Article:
Candy flavoured traps to hook the next generation. By SHOBHA SHUKLA


Young people are using e-cigarettes at rates higher than adults in many countries, as the tobacco industry is specifically targeting youth, says The World Health Organization (WHO).

 "History is repeating, as the tobacco industry tries to sell the same nicotine to our children in different packaging. These industries are actively targeting schools, children and young people with new products that are essentially a candy-flavoured trap. How can they talk about 'harm reduction' when they are marketing these dangerous, highly addictive products to children?," said Dr Tedros Adhanom Ghebreyesus, Director-General of the WHO.

This year’s theme for World No Tobacco Day - ‘Protecting children from tobacco industry interference’- advocates for an end to the targeting of youth with harmful tobacco products. The tobacco industry markets fruit and candy flavoured tobacco and nicotine products like gadgets or toys in attractive packaging under the garb of less harmful novel products. In reality, these products are hooking young people across the world to a life time of dangerous addiction.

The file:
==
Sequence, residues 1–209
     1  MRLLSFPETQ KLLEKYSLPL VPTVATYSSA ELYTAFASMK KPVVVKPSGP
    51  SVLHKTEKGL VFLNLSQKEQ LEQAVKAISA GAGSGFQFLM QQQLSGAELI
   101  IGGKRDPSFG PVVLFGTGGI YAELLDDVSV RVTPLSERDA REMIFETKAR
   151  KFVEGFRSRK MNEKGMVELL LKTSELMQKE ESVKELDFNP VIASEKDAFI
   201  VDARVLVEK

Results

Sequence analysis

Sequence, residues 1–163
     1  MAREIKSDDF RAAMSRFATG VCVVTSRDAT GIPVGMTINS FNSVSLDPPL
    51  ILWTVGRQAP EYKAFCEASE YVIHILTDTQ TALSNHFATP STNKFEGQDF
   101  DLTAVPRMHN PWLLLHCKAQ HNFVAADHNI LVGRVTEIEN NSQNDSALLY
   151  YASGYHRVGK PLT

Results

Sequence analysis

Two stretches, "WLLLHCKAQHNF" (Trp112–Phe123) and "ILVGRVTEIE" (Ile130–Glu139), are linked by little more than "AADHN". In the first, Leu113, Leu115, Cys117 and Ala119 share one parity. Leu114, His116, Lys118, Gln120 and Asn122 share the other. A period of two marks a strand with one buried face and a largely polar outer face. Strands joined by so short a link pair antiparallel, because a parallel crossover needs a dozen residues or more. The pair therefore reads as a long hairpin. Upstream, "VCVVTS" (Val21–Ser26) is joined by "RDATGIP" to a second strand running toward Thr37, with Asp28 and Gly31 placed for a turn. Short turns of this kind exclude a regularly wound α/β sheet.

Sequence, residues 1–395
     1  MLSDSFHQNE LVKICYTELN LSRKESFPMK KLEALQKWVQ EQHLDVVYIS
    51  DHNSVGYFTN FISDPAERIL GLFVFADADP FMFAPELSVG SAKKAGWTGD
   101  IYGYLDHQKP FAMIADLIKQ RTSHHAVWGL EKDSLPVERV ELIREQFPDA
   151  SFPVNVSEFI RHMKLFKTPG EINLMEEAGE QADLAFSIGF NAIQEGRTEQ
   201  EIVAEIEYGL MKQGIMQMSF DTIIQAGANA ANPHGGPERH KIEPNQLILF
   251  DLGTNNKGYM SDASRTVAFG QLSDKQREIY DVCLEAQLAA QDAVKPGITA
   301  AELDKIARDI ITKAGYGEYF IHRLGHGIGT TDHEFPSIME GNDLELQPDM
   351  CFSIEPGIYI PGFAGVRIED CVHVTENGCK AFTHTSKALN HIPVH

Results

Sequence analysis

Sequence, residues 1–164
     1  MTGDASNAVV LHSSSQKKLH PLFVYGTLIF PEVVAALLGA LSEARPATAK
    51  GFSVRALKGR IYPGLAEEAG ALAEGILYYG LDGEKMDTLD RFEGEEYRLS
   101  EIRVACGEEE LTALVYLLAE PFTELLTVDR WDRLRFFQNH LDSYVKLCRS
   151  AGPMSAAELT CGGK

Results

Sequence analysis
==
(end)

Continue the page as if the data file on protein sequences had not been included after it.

“Hooking the next generation”, a new report jointly launched by WHO and STOP, a global tobacco industry watchdog, highlights how the tobacco industry designs products, implements marketing campaigns and influences policies to help addict the youth to tobacco. According to 2022 data, globally, an estimated 37 million children aged 13–15 years use some form of tobacco, and in many countries, the rate of e-cigarette use among adolescents exceeds that of adults. 85% of 15–30-year-olds are exposed to e-cigarette advertising across multiple media platforms, and that higher rates of exposure were linked to higher rates of e-cigarette use.